“I can make more generals, but horses cost money.” — Abraham Lincoln
An essential part of our modern life is to browse the Internet, and the single most important tool for that is the Internet browser. However the Internet can be a dangerous place, and so we want the very best browser. Regrettably, the largest, most successful company in the world, Apple, has flubbed with Safari. What’s with that?
Is Apple going to settle for this?
Apple may have been able to rationalize that Safari, primarily focused on Apple customers, would never achieve a large market share because the Mac only has about 10 percent of it. But whoa. The reason Apple ported Safari to Windows was to show the PC world what a better life could be like using Apple products.
That hasn’t worked out. Instead, Google has stolen the hearts of PC and Mac users, even carving a chunk out of MS Internet Explorer and Firefox. Clearly Google is doing something right and Apple is, well, limping along with Safari.
Worse, Apple seems to have shot itself in the foot with Safari 5.1. It was an innocent enough upgrade, adding the Reading List, which got everyone wound up, some enhanced privacy settings, and the ability to drag items out of the downloads window. However, it also introduced some troublesome issues, notably a tendency to update the main window without a user request. I’ve seen an unusually large number of reader complaints, forum discussions, and even some of the TMO staff has been complaining. (I’ve personally switched to Firefox because I’ve come to the conclusion that an independent group like Mozilla, with no OS axe to grind, is in a better position to cater to customers.)
The chart below, derived from data collected by Stat Counter documents the customer reaction. Safari started a downward arc when version 5.1 was released. For Apple, growth and success is everything. Not here.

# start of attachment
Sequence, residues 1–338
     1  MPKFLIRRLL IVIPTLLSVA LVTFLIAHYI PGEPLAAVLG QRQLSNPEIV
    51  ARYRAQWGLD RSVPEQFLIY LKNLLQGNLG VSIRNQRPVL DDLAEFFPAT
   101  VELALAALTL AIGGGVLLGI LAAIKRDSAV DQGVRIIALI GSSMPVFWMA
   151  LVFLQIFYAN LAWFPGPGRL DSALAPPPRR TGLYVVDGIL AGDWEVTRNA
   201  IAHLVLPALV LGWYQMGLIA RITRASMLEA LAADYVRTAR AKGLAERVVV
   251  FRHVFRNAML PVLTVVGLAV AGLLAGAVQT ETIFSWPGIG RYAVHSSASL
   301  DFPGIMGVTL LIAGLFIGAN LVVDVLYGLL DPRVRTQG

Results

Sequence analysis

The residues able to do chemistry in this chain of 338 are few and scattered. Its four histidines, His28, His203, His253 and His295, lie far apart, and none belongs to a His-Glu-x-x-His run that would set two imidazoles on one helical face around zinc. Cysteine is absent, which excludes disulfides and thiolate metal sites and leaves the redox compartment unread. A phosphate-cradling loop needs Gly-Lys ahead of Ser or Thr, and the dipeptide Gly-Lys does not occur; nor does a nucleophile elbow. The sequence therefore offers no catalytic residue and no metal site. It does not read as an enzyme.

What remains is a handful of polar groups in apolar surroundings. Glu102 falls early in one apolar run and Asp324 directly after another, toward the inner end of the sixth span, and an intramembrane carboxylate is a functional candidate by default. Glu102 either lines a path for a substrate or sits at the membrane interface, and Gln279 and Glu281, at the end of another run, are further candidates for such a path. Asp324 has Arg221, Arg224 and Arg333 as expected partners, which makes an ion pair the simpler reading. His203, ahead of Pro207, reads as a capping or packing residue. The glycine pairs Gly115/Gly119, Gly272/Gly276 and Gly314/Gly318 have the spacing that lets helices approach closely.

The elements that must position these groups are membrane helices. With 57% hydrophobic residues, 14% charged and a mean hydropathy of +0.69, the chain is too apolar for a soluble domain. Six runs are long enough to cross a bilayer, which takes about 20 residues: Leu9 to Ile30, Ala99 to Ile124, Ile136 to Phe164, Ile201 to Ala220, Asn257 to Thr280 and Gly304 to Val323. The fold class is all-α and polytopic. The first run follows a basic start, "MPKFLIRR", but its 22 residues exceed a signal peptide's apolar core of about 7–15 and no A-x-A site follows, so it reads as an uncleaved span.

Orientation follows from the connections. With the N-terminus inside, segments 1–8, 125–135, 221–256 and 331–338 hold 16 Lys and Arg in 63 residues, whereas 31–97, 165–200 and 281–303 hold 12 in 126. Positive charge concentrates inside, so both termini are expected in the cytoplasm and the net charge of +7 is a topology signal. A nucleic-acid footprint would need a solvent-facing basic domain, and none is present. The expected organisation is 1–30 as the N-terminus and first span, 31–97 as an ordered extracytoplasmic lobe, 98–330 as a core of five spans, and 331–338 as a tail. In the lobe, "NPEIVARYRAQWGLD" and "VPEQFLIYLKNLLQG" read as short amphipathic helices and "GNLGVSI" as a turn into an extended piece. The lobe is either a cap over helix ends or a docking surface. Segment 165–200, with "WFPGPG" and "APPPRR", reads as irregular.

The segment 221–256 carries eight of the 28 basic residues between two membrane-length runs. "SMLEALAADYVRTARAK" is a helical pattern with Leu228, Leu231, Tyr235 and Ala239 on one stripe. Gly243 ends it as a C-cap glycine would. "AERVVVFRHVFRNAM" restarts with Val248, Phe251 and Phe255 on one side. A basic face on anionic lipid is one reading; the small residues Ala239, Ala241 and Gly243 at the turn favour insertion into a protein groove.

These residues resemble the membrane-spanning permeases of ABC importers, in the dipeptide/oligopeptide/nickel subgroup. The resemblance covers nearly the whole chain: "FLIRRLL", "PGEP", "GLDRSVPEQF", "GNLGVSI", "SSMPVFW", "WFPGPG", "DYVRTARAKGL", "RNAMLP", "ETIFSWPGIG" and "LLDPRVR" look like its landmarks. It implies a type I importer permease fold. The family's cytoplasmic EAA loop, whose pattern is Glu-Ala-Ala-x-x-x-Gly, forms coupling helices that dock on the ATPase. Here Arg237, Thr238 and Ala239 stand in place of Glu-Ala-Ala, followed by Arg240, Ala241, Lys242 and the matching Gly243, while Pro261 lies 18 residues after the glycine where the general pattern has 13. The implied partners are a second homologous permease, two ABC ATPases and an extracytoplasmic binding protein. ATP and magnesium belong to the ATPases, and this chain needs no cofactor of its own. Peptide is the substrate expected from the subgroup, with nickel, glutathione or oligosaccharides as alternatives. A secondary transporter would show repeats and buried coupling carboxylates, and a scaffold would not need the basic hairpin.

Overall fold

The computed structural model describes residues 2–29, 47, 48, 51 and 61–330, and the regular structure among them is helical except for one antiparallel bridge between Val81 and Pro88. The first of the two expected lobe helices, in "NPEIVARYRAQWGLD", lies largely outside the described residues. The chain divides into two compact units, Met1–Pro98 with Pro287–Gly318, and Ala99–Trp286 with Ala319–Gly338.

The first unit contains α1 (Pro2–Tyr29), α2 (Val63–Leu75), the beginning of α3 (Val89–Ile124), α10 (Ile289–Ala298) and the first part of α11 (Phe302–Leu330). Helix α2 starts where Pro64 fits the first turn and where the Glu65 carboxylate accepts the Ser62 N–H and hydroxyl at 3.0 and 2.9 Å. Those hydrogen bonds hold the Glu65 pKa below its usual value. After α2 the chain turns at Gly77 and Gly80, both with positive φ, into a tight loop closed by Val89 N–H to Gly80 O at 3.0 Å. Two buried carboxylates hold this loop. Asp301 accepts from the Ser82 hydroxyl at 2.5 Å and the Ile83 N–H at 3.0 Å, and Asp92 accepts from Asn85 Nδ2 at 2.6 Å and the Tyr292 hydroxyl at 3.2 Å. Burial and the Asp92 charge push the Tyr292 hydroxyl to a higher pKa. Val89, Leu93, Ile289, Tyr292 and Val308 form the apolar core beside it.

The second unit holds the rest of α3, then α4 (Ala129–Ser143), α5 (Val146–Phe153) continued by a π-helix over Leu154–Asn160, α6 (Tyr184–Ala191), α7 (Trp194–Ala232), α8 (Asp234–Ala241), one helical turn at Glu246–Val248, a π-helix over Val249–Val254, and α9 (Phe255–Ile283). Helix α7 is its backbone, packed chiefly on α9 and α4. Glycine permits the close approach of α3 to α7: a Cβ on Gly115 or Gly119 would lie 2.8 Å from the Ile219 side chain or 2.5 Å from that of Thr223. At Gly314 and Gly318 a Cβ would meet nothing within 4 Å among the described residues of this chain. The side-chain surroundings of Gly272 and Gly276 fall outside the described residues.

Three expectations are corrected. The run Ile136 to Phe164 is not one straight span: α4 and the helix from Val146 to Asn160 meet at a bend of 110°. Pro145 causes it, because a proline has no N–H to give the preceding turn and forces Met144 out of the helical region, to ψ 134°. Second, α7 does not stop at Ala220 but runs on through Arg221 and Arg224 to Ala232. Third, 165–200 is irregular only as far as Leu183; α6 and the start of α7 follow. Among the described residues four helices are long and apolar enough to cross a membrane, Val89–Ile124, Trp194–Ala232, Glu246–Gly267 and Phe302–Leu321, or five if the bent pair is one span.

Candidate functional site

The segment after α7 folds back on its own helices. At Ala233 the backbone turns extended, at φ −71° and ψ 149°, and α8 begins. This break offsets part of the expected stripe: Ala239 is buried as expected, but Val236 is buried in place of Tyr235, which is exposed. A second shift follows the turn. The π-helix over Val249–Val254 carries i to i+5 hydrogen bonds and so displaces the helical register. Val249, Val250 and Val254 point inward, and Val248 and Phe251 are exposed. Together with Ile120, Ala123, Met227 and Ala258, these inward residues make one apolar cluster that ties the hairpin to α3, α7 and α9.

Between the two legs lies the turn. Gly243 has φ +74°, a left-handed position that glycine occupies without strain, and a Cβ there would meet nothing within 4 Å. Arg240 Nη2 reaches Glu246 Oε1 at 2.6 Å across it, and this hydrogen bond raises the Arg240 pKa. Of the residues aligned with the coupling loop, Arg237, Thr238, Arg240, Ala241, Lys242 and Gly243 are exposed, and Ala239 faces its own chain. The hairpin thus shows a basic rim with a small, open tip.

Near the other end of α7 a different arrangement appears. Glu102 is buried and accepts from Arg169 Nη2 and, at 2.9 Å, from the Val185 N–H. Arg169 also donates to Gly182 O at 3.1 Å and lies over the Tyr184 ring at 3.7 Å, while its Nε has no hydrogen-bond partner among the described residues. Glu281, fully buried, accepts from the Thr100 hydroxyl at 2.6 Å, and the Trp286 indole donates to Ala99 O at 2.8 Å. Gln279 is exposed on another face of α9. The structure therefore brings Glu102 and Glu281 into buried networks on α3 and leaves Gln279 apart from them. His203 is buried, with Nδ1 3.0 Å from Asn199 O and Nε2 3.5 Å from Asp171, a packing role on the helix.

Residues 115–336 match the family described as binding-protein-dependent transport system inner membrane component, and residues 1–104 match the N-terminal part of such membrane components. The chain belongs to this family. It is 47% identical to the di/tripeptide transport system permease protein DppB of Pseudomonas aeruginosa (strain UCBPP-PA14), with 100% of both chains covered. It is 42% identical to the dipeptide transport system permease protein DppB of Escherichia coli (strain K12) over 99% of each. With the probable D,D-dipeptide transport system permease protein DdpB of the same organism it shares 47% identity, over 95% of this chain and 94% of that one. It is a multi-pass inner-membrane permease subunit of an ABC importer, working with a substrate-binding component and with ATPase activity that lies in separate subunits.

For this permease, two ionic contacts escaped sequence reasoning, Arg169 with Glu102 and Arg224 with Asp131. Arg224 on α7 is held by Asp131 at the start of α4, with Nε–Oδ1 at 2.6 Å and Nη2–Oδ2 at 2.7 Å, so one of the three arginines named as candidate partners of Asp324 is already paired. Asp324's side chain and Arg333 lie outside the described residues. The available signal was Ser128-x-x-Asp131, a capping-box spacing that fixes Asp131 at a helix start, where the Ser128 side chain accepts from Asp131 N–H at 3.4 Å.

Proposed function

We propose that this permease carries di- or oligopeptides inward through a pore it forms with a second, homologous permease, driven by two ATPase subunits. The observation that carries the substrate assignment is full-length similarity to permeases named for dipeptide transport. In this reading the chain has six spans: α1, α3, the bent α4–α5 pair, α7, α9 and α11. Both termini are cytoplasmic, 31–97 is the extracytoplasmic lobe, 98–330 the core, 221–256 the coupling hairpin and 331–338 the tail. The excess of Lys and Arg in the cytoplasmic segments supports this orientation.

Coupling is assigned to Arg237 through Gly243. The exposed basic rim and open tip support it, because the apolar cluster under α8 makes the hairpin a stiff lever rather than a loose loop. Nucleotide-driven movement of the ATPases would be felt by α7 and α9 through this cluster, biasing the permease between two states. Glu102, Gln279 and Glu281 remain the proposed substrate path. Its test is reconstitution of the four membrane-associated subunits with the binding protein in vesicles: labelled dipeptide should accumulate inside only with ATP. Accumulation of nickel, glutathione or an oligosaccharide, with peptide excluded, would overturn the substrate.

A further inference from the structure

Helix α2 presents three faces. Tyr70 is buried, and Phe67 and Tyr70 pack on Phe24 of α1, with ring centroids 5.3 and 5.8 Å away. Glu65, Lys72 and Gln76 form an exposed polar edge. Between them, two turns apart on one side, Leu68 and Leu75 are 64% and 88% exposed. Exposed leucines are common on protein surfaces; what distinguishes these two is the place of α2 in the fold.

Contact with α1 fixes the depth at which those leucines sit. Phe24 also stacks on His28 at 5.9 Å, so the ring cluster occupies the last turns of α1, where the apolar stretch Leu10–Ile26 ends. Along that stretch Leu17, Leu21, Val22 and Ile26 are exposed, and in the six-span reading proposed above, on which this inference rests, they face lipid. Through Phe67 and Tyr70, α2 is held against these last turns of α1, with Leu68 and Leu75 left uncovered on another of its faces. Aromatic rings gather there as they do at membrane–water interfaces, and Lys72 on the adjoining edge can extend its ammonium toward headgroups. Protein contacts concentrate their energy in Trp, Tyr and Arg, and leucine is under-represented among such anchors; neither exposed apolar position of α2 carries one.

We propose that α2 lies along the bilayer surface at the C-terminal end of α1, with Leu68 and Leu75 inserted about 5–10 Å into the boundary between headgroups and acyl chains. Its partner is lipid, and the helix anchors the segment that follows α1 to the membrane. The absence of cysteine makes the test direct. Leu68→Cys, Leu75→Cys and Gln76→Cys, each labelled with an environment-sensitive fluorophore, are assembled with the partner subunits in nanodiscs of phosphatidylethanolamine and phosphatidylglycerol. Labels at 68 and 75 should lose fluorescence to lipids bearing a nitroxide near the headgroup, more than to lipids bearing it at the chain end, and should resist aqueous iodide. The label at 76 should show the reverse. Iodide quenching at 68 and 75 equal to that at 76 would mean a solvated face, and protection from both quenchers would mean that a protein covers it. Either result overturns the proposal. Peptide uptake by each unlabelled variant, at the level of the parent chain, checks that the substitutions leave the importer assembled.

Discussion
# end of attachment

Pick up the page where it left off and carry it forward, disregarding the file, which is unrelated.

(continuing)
Safari 5.1 Inflection Point (U.S. data, all platforms)
Looking at the small picture, many users are using Safari and are not having very many problems. PC Magazine liked it well enough back in July, but also noted that it isn’t a speed demon on Windows and concluded: “but our Editors’ Choice, Google Chrome, delivers a faster, cleaner browsing experience, has more HTML5 support, and offers sandboxed security on Windows.”
The Big Picture
Apple has let an enormous opportunity slip by. This tremendously successful company, worth more than any company on the planet, raking in US$100B a year, and famous for its ability to create user delight has been unable to conjure up the imagination, technical wizardry, design excellence and customer understanding necessary to climb the charts in the browser world. Mozilla’s Firefox has embarrassed Apple with better security focus, more rapid development, and keener customer focus. Google’s Chrome is faster, cleaner, more secure on Windows. While PC Magazine’s review, linked above, showed Safari to be pretty, uses Lion gestures, and utilizes “Cover flow and other beautiful interface elements,” it left readers flat, and they scored it only fair.
Oh, that Eternal Agenda
Part of the problem may be that Safari is loaded down with too much Apple agenda. It’s a showcase for all that’s Apple, and that means beauty, simplicity, OS integration and a happy-go-lucky web browsing experience — to make customers feel comfortable and happy with its products.
Some of that philosophy was revealed when Apple dumbed down the cookie display in version 5.1.
Modern users, especially all those switchers that Apple keeps talking about during the earnings calls, aren’t stupid. They know that the Internet is useful, but it’s also a dangerous place. They need to be able to do their banking and purchases with confidence and security. They want their browser to be the best on the planet, the fastest, most secure, most stable. They couldn’t care less less about Apple, say, forcing a Lion gesture down their throats.
The upshot is that Apple’s Safari is, today, a poor reflection on the traditional values of Apple. Here’s a company that lives and breathes excellence and customer satisfaction. And yet, one of the most important products they can deliver is, in my opinion, now second rate. Evidence for that surfaced recently when Glenn Fleishman documented how Safari 5.1 has an unfortunate glitch in certificate management.
How long will Apple suffer this indignity? How long will it take for Apple to decide that second best isn’t good enough? When will Apple get tired of Google kicking them around? The trends in the chart above tell the story. The customers have spoken. They want the best browser on the planet, and Apple isn’t delivering it.